2. Theoretical Background
In the following section I will begin by explaining three terms and their coherence which are essential to understand this work.
2.1 Small and Medium-Sized Enterprises
There is no universally acknowledged definition of ‘small’ and ‘medium’ in terms of the size of enterprises. The legal definition provided by the European Union (EU) draws a line between small and medium enterprises at a maximum of 49 employees and an annual turnover, and/or an annual balance sheet total of maximum 10 million Euros (EUR). The ‘medium enterprise’ is defined by a maximum of 249 employees and an annual turnover not beyond EUR 50 million, and/or an annual balance sheet total of not more than EUR 43 million (EU 2003).
In the United States of America (USA) the government does not provide any universally accepted definition of the SME. However, government institutions often refer to SMEs as enterprises having less than 500 employees (USITC 2010). According to He et al. (2008), the situation is similar in Canada. In less developed countries, the number of employees and annual turnover defining SMEs differs since especially the annual turnover of a firm is influenced by the economic environment it operates in. In general I would like to make a note of the fact that SMEs are defined by a limited number of personnel and financial success, and that they should be clearly differentiated from LSEs. This is because SMEs are also characterised by less hierarchical systems, and an innovative and entrepreneurial spirit.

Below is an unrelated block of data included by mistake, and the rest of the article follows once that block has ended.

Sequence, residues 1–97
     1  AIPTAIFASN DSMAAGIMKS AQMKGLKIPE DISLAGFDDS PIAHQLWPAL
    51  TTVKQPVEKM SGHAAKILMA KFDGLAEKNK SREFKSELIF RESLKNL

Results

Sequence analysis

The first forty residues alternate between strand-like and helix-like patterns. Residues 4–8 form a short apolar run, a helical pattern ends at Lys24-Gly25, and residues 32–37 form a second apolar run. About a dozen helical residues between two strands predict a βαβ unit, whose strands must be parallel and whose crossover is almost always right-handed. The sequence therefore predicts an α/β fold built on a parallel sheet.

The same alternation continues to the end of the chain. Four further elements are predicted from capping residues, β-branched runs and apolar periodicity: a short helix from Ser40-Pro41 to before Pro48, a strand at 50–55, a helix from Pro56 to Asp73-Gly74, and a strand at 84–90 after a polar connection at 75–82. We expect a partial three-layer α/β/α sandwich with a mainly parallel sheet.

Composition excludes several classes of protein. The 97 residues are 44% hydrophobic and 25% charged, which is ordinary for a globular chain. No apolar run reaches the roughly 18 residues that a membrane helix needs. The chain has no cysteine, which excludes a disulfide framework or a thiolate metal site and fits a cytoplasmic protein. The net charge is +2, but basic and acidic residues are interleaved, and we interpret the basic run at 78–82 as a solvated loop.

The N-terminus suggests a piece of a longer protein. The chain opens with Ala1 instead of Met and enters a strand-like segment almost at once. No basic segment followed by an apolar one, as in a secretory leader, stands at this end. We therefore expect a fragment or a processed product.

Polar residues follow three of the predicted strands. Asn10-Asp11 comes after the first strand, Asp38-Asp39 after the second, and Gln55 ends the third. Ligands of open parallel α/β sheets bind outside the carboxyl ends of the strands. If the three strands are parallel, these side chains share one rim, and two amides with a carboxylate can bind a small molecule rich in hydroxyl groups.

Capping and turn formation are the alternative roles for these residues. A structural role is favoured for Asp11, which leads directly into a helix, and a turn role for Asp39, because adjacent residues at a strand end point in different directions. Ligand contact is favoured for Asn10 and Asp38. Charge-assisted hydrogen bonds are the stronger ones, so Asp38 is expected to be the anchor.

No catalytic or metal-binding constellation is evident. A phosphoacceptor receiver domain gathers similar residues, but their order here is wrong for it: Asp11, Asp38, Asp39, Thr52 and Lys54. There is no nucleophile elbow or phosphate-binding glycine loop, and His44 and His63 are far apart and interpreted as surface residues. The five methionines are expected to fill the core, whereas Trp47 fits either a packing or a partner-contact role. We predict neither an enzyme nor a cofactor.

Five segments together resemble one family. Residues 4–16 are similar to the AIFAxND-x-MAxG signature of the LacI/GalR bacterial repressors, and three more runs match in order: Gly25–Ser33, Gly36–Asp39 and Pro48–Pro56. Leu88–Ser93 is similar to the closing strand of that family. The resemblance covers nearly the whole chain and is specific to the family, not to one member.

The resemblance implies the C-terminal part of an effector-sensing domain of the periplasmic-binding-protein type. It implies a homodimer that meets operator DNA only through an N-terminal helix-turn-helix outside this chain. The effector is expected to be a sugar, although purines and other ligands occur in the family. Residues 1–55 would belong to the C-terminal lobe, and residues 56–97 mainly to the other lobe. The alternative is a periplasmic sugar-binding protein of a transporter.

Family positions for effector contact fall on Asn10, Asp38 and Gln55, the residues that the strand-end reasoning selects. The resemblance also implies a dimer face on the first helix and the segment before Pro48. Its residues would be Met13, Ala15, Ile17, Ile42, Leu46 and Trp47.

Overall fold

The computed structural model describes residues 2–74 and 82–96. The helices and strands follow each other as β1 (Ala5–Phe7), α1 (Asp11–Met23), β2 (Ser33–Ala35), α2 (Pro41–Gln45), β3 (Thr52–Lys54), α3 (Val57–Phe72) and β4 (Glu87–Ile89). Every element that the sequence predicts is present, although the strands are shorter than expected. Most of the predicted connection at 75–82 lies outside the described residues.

The term ‘internationalisation’ in this study describes a firm’s engagement in international business. Daniels et al. (2007, p. 7) defined international business as ‘all commercial transactions between two or more countries’. Weber and Kabst (2000) distinguished between three heterogeneous fields of incentives for such transactions: marketing orientation, profit orientation and procurement orientation.